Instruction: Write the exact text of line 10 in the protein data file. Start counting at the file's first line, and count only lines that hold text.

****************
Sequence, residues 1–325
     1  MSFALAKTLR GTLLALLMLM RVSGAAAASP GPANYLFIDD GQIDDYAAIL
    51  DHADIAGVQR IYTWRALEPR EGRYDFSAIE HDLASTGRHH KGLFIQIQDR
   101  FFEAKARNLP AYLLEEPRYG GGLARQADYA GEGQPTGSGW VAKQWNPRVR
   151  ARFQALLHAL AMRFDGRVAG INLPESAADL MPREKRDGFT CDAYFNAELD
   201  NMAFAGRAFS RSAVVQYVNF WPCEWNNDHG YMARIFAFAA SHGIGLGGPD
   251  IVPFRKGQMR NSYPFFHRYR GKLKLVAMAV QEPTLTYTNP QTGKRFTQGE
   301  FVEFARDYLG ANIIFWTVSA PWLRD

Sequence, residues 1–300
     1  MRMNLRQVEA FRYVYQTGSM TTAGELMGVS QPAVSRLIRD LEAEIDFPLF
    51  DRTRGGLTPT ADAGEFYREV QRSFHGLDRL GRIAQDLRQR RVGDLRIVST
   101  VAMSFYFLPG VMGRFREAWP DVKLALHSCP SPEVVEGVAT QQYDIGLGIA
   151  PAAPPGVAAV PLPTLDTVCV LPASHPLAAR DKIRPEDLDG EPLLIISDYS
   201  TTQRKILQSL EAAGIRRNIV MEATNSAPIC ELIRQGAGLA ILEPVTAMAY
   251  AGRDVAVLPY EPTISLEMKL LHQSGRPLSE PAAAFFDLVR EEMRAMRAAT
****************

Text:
     1  MRMNLRQVEA FRYVYQTGSM TTAGELMGVS QPAVSRLIRD LEAEIDFPLF